Help Keep the Doors Open at Neighborhood Flix
When Brad Anderson's "Transsiberian" opened three Fridays ago at Neighborhood Flix, it was the first time ever that the independent movie house debuted a film the same day the movie launched in major theaters. Since opening its doors in November 2007, Flix has been relegated to showing movies two or three weeks after they've made their Denver premieres. This setback costs Flix the precious first- and second-week viewers who put money into a movie theater's bank account. Such is the nature of the film industry. The unspoken studio standard, says Flix theater manager Leeanna Marsh, is to sell the same film to competing theaters only if they are more than three miles from one another. And, Flix is having a heck of a time trying to change that mindset so it can get access to the same films that Landmark's Esquire or United Artists' Denver Pavilions might show. "Because of Landmark and Regal's market seniority, the studios are hesitant to sell us first week films," Marsh explains . So, even as the studios gear up to release their Oscar potentials, Flix finds itself struggling to survive. "We are hoping to make it to the one year mark," says Marsh, who acknowledges that if the situation doesn't improve for Flix, the cinema could be out of business long before then.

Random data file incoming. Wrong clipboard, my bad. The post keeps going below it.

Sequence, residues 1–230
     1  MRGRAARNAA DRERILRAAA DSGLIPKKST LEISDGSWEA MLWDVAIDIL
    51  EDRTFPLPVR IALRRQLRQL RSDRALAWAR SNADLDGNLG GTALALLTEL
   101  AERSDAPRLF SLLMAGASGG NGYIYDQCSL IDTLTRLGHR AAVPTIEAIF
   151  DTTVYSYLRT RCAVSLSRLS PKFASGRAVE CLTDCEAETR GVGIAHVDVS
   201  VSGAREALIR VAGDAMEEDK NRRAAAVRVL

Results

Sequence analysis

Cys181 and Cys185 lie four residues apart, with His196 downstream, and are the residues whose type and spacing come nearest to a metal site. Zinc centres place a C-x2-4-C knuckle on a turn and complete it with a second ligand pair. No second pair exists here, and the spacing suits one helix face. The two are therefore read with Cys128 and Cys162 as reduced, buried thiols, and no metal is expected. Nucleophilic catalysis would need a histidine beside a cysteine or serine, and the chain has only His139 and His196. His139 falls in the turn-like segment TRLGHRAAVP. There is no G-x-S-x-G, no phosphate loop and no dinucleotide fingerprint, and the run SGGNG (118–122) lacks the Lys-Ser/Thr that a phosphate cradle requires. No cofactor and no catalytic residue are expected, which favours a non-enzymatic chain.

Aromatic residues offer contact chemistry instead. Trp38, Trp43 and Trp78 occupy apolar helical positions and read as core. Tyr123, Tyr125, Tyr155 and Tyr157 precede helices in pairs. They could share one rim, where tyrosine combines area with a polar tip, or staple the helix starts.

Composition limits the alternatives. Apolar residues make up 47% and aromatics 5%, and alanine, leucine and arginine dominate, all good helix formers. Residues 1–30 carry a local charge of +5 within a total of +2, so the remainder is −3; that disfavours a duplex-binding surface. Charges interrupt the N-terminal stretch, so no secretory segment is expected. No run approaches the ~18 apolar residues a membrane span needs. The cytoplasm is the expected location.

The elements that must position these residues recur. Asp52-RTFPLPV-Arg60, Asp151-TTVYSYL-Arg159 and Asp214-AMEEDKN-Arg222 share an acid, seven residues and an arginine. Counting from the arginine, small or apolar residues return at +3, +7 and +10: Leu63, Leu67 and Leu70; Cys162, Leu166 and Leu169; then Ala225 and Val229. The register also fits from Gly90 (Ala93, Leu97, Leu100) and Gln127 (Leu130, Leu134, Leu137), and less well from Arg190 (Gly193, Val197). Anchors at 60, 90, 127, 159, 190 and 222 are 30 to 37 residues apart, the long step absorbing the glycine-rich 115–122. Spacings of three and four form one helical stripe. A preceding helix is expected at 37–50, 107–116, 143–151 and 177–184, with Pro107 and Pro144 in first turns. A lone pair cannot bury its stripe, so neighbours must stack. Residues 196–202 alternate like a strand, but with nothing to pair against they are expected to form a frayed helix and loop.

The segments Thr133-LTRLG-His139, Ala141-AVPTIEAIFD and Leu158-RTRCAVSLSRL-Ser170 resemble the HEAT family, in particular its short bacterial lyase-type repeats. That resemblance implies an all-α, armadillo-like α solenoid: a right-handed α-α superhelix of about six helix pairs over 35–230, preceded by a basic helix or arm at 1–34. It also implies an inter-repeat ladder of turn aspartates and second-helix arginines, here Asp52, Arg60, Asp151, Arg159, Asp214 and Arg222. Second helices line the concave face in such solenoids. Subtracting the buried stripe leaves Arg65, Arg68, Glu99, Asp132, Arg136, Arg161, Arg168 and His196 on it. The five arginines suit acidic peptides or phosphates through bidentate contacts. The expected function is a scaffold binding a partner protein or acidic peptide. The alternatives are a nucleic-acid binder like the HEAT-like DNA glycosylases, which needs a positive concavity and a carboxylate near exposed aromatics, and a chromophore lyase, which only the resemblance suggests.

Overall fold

To buy itself more time, Flix has two fundraising campaigns on the horizon. Through December 1, the theater will sell two-for-one, $10 movie coupons. And a $100 ticket to their October 9 gala buys cocktails, appetizers, and a special showing of "The Pursuit of Happyness," starring Will Smith. With the extra cash, Flix plans to cover its operating costs as it continues conversations with studios, and perhaps even seek legal assistance. We at 5280, myself especially (I'm prone to Sunday-evening movies), hope their plans work. After scouring the city, Flix, along with the Mayan, was our 2008 Top of the Town pick for Denver's best art-house movie theater. Plus, the theater's sticky sesame-ginger sweet potato French Fries are irresistible. Even if Flix looses its battle against the big dogs, hopefully, it will consider revamping its business plan to find a way to keep its doors open to the Denver community.
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